In this section, you'll learn how to use Blob storage to store logged events and metrics data.
Create a storage account if you don't already have one. You can place it in the same resource group as Azure Cognitive Search to simplify clean up later if you want to delete all resources used in this exercise.
Your storage account must exist in the same region as Azure Cognitive Search.
Open your search service Overview page. In the left-navigation pane, scroll down to Monitoring and click Enable Monitoring.
Choose the data you want to export: Logs, Metrics or both. You can copy it to a storage account, send it to an event hub or export it to Azure Monitor logs.
For archival to Blob storage, only the storage account must exist. Containers and blobs will be created as-needed when log data is exported.
Save the profile.
Test logging by creating or deleting objects (creates log events) and by submitting queries (generates metrics).
Logging is enabled once you save the profile. Containers are only created when there is an activity to log or measure. When the data is copied to a storage account, the data is formatted as JSON and placed in two containers:
- insights-logs-operationlogs: for search traffic logs
- insights-metrics-pt1m: for metrics
It takes one hour before the containers will appear in Blob storage. There is one blob, per hour, per container.
You can use Visual Studio Code or another JSON editor to view the files.
Blobs containing your search service traffic logs are structured as described in this section. Each blob has one root object called records containing an array of log objects. Each blob contains records for all the operations that took place during the same hour.
|time||datetime||"2018-12-07T00:00:43.6872559Z"||Timestamp of the operation|
|operationName||string||"Query.Search"||The name of the operation|
|operationVersion||string||"2019-05-06"||The api-version used|
|resultType||string||"Success"||Possible values: Success or Failure|
|resultSignature||int||200||HTTP result code|
|durationMS||int||50||Duration of the operation in milliseconds|
|properties||object||see the following table||Object containing operation-specific data|
|Description||string||"GET /indexes('content')/docs"||The operation's endpoint|
|Query||string||"?search=AzureSearch&$count=true&api-version=2019-05-06"||The query parameters|
|Documents||int||42||Number of documents processed|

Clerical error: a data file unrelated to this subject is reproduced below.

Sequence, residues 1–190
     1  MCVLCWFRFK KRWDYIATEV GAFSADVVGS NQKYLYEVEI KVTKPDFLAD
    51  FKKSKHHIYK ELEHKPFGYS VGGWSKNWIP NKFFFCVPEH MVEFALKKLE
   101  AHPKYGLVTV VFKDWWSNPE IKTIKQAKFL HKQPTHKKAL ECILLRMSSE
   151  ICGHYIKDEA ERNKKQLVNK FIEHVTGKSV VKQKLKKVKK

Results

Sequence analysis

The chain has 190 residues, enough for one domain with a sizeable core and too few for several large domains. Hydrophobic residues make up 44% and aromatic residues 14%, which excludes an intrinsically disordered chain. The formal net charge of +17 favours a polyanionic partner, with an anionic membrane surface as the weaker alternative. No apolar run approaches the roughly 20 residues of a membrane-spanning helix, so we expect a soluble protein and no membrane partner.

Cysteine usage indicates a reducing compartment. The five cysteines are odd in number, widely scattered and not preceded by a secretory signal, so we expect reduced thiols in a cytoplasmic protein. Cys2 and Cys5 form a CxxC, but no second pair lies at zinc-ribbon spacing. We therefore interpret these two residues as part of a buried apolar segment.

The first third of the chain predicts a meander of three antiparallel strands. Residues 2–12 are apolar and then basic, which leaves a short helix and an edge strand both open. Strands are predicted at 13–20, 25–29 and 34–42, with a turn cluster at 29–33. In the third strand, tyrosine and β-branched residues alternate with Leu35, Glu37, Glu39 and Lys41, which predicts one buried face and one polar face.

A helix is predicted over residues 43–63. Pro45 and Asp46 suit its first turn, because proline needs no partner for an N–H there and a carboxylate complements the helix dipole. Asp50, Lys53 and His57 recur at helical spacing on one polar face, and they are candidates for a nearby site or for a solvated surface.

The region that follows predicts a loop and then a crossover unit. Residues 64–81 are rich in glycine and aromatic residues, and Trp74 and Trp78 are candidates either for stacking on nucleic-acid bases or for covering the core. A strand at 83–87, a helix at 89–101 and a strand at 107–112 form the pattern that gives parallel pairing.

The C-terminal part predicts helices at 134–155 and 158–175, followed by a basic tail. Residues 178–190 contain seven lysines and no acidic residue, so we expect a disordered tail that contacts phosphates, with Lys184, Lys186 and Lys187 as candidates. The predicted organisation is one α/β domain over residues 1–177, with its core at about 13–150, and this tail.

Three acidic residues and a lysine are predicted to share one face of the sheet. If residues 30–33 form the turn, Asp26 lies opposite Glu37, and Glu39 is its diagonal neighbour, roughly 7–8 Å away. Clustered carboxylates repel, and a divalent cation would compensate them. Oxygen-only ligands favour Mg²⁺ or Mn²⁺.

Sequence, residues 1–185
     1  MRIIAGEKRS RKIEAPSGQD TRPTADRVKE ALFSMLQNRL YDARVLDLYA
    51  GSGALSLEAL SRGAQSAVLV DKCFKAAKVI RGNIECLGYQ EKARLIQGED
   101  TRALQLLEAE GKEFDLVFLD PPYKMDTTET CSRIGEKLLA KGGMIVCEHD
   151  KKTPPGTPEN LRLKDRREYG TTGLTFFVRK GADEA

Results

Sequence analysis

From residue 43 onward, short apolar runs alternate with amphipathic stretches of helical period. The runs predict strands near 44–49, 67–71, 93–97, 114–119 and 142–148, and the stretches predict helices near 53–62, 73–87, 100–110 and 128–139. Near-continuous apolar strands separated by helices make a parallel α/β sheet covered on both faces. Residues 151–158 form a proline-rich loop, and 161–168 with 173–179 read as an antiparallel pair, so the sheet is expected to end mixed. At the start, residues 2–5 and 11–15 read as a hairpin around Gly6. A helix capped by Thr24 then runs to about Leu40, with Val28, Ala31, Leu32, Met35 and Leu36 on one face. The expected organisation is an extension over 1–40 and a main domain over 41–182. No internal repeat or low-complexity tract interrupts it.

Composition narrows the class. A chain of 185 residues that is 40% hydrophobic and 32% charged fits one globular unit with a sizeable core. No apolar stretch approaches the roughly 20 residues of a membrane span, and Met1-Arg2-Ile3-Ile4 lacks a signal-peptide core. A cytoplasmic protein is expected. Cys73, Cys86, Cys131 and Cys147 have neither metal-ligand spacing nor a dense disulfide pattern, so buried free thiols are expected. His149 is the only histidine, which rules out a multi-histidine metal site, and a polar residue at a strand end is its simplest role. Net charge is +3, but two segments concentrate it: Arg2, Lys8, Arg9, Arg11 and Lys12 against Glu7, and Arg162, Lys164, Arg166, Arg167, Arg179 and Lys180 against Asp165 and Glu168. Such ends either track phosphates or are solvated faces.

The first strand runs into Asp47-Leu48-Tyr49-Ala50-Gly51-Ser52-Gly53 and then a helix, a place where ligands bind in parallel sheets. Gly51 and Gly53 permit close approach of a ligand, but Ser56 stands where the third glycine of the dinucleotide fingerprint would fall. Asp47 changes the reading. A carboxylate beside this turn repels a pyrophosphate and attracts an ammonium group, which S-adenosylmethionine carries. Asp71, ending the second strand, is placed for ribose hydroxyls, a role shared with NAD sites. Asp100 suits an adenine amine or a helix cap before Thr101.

|IndexName||string||"testindex"||Name of the index associated with the operation|
Metrics are captured for query requests.
|your resource ID|
|metricName||string||"Latency"||the name of the metric|
|time||datetime||"2018-12-07T00:00:43.6872559Z"||the operation's timestamp|
|average||int||64||The average value of the raw samples in the metric time interval|
|minimum||int||37||The minimum value of the raw samples in the metric time interval|
|maximum||int||78||The maximum value of the raw samples in the metric time interval|
|total||int||258||The total value of the raw samples in the metric time interval|
|count||int||4||The number of raw samples used to generate the metric|
|timegrain||string||"PT1M"||The time grain of the metric in ISO 8601|
All metrics are reported in one-minute intervals. Every metric exposes minimum, maximum and average values per minute.
For the SearchQueriesPerSecond metric, minimum is the lowest value for search queries per second that was registered during that minute. The same applies to the maximum value. Average, is the aggregate across the entire minute. Think about this scenario during one minute: one second of high load that is the maximum for SearchQueriesPerSecond, followed by 58 seconds of average load, and finally one second with only one query, which is the minimum.
For ThrottledSearchQueriesPercentage, minimum, maximum, average and total, all have the same value: the percentage of search queries that were throttled, from the total number of search queries during one minute.
Download and open in Visual Studio Code
You can use any JSON editor to view the log file. If you don't have one, we recommend Visual Studio Code.
In Azure portal, open your Storage account.
In the left-navigation pane, click Blobs. You should see insights-logs-operationlogs and insights-metrics-pt1m. These containers are created by Azure Cognitive Search when the log data is exported to Blob storage.
Click down the folder hierarchy until you reach the .json file. Use the context-menu to download the file.
Once the file is downloaded, open it in a JSON editor to view the contents.
Use system APIs
Both the Azure Cognitive Search REST API and the .NET SDK provide programmatic access to service metrics, index and indexer information, and document counts.
To enable using PowerShell or the Azure CLI, see the documentation here.